In 2017, the telecommunciations industry lost almost US$30bn to fraud. As enabling technology continues to push intelligence to the edge of the network, the use of electronic communications services to perpetrate fraud is an increasingly difficult challenge for the industry to overcome.
With this in mind, regulators, policy makers and industry gathered in Brussels on 11 December 2018 for a WG NaN Public Workshop entitled "The Role of E.164 Numbers in International Fraud and misuse of Electronic Communications Services".
More than 90 representatives from a broad range of stakeholders came together at the Belgian Institute for Postal Services and Telecommunications (BIPT) to share their experiences and insights on the subject.
Telecoms fraud comes in many shapes and forms and it is a global phenomenon that requires a global response (another article in this edition of the ECC Newsletter provides an A to Z of fraud techniques which you can read here). The motivation for fraud is often linked to organised crime. All of this activity takes place over a global mesh of interconnected networks where it can be difficult to distinguish between legitimate and illegitimate traffic in an ecosystem that processes billions of transactions and communications sessions each day.
The latest available figures from the Communications Fraud Control Association (CFCA) show that the telecommunications industry lost US$29.2bn to fraud in 2017. In his keynote address, Jason Lane-Sellers, president of the CFCA and director of solutions consulting at ThreatMetrix, noted that while fraud loss in revenue terms shows a downward trend, fraud attempts are increasing year-on-year. Mr Lane-Sellers also noted that one in 10 online account login attempts is now a fraud attempt which is a sobering thought for consumers and businesses alike.
At the workshop, WG NaN Chairman, Johannes Vallesverd, introduced the recently adopted ECC Report 275. The report not only examines the motives, methods and opportunities for committing fraud, but also looks at the administrative and technical tools that are being developed to tackle fraud and misuse.
ECC Report 275 makes a number of recommendations for best practices. These include regulations on CLI spoofing, the need for transparency and raising awareness, encouraging real-time data analytics and promoting information sharing and cooperation. In fact, promotion of information sharing and cooperation was one of the biggest themes to emerge from the workshop, which in itself represented a first step in this direction.
In her presentation, Katia González, head of Fraud Prevention at BICS, said that "trust, partnership and collaboration" are key to combatting international fraud, sentiments that were echoed by other speakers throughout the day. She called for a collaborative approach to ensure international carriers work only with parties who can demonstrate their active commitment to preventing fraud. She also recognised the emergence of a coordinated wholesale carrier approach throughout the industry which in itself is an encouraging development as more and more entities in the value chain make fraud prevention a strategic priority. Ms González also referred to crowdsourcing as one way in which operators can collaborate and be alerted to fraud quickly and to take appropriate action decisively.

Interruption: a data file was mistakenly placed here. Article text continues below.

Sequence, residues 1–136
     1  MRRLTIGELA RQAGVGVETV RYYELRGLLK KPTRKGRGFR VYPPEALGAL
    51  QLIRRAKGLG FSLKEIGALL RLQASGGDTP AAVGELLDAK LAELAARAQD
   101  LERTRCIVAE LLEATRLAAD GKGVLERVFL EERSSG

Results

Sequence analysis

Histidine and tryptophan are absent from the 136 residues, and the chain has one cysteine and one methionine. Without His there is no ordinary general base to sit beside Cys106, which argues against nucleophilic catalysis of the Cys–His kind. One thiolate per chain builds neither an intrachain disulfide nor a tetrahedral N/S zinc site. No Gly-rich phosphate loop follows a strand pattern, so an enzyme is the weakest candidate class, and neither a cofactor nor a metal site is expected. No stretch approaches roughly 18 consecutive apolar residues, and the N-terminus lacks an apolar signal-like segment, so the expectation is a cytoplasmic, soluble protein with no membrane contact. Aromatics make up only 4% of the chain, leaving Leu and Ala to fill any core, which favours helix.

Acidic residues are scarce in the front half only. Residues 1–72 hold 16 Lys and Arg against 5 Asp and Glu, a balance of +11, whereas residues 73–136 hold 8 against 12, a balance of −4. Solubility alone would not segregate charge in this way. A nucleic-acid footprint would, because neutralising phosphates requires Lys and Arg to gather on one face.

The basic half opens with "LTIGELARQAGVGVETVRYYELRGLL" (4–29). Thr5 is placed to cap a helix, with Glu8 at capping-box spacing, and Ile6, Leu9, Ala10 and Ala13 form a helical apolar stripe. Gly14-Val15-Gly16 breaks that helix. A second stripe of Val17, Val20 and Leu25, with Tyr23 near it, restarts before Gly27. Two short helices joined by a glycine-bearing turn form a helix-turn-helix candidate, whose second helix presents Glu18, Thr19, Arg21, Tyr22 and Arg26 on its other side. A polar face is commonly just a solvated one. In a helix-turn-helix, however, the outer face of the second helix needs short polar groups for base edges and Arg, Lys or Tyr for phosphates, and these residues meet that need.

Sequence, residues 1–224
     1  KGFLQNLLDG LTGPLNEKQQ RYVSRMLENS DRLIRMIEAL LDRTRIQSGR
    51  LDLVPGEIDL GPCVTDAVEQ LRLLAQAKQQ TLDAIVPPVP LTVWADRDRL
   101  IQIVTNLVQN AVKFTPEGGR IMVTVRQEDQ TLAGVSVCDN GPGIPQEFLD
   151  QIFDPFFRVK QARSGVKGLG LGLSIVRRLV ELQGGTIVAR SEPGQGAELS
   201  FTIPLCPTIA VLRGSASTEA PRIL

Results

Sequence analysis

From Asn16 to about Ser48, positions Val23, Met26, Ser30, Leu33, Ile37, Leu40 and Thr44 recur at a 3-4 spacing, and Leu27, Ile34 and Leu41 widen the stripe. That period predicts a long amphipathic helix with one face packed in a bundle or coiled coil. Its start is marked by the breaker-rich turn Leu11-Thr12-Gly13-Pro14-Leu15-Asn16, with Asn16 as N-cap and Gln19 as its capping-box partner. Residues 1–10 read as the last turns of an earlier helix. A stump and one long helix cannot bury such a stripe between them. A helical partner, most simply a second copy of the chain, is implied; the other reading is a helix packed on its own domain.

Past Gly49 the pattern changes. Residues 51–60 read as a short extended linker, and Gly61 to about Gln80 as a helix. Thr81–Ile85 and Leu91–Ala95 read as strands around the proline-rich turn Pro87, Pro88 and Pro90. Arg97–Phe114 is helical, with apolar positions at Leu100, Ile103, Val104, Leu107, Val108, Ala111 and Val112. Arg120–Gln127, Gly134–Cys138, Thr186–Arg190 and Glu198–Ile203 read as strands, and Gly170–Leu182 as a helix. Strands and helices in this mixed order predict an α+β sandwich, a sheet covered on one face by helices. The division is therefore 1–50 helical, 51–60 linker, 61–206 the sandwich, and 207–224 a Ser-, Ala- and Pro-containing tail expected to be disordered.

Ramona Ciripan of Voxbone said that when an instance of fraud and misuse is detected it can be beneficial to share related information between operators and other relevant stakeholders. This process can be steered by the competent telecommunications authorities. She warned though that the process can only work if confidence and trust is created between the stakeholders and information is shared based on a mutual collaboration.
Fraud is a crime and is a matter for law enforcement authorities in the first instance. However, tackling fraud is a major challenge for law enforcement given the global nature of networks and the constraints of jurisdictional boundaries. In these circumstances, telecoms regulators have an important role to play in eliminating the opportunities for fraud through technical and administrative means particularly where E.164 numbers play a role. In his opening remarks at the workshop, Jan Vannieuwenhuyse, BIPT, highlighted the need for a greater focus on fraud by European regulators and, over the course of the day, many speakers called for closer collaboration between industry and regulators as it was considered vital for an effective response. When it comes to numbering, there are certainly administrative and technical means that could be deployed which would have a positive impact. A key question though is whether regulatory efforts should be focused on supporting law enforcement and the industry or whether regulators should have a leading role? This is an interesting question that was addressed during the panel discussion.